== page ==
What’s in a Word: white nationalism


What does it mean?

White nationalism is a sector of the U.S. right-wing political sphere that is characterized by a white supremacist ideology.

As Chip Berlet explained, in a 1992 piece co-authored with Margaret Quigley, white nationalism “oscillates between brutish authoritarianism and vulgar fascism in service of white male supremacy” and white nationalists believe that “social problems are caused by uncivilized people of color, lower-class foreigners, and dual-loyalist Jews.”

Political Research Associates identifies white nationalism as a faction of what it calls the “xenophobic right.” Under the umbrella of white nationalism, it identifies four different major groups:

  • “cultural supremacists,” who believe that non-white people can, and should, adopt white culture
  • “biological racists,” who rely on (false) essentialist views of race
  • “segregationists,” who want race-based enclaves within a country
  • “separatists,” who want separate nations for different races

What’s the difference between white nationalism and white supremacy?

White supremacy is an ideology—a way of understanding the world—as well as a system of oppression, whereas white nationalism is a political faction that practices that ideology and upholds that system.

Some, such as Barbara Perry in her 2001 book In the Name of Hate, and Mana Kharrazi, at “Beyond the Safety Pin,” have argued that white nationalism is a coded term for white supremacy, or a rebranding of white supremacy.

Although the terms aren’t synonymous, it is true that white nationalist groups trade in using coded language to obscure their white supremacy. As Perry points out:

In their search for respectability, some hate groups have rejected explicitly racist terms for more “subtle” code words that act as proxies for traditional rhetoric. Primary among these is the assurance that they don’t hate blacks or Jews or gays; rather they simply love their own race.

This is what makes it possible for blatantly white supremacist leaders like Richard Spencer and David Duke to deny being white supremacist while simultaneously saying things like, “America was until this past generation a white country, designed for ourselves and our posterity. It is our creation, it is our inheritance, and it belongs to us.”

White nationalists often claim that it’s not that they hate people of color, it’s just that they naturally, as white people, love white people best—and, importantly, they wholeheartedly believe that white people and white culture are under attack.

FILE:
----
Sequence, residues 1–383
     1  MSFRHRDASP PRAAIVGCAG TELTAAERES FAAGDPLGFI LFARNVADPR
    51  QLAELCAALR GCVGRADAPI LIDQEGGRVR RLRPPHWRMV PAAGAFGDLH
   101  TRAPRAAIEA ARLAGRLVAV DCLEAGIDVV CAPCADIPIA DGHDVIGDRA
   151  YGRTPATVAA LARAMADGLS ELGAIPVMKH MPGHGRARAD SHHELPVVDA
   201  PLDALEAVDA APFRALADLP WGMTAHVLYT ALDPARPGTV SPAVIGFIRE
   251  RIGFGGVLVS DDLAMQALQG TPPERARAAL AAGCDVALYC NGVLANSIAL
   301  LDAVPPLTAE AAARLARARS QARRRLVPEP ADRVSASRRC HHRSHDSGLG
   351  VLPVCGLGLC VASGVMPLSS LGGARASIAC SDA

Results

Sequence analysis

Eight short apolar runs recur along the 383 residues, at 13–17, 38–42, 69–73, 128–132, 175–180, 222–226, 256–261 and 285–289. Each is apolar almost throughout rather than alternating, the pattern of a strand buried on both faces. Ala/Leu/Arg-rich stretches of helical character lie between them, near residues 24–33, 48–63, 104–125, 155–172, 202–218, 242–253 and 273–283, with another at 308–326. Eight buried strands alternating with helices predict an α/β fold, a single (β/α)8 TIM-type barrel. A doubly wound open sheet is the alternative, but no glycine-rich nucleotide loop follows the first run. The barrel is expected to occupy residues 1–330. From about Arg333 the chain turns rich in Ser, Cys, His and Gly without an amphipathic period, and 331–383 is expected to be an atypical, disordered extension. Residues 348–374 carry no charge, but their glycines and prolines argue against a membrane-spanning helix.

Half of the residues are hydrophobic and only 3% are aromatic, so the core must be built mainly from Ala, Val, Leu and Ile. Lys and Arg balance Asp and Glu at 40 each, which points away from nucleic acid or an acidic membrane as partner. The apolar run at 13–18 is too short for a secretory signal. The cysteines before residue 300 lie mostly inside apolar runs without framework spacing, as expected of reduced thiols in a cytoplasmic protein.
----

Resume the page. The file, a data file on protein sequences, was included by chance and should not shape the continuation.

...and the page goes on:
They see white people and white culture as inherently or “naturally” superior, but instead of understanding that this is actually the definition of white supremacy, they are convinced it’s simply an unassailable truth.

Should I use this term?

Yes, but when you do, be clear that white nationalism and white nationalists are white supremacist in nature.

A good standard that many media outlets use is to say “white nationalist and white supremacist,” to avoid the risk that a reader may interpret white nationalist as a neutral term divorced from racism.

What’s your take on white nationalism? Comment below! Want to ask a radical copyeditor something? Contact me!

Note: Many thanks to Jessica Campbell, co-director of Rural Organizing Project, for her help with this post.

3 thoughts on “What’s in a Word: white nationalism

  1. Great resource, thanks.

    After some feedback, in part from folks at ROP and PRA. I concocted this expanded version:

    What is White Nationalism?

    White Nationalism is an ideology and system of power that constrains our activities in the United States in ways that range from subtle to blatant. White Nationalism is extolled by organized supremacist groups and armed insurgents, but also by major media figures and political leaders.

    The term “White Supremacy” is often used by academics to describe a constellation of racist ideas and practices. I use the following terms to break the concept into more easily grasped component parts, especially when speaking to audiences that are predominantly White.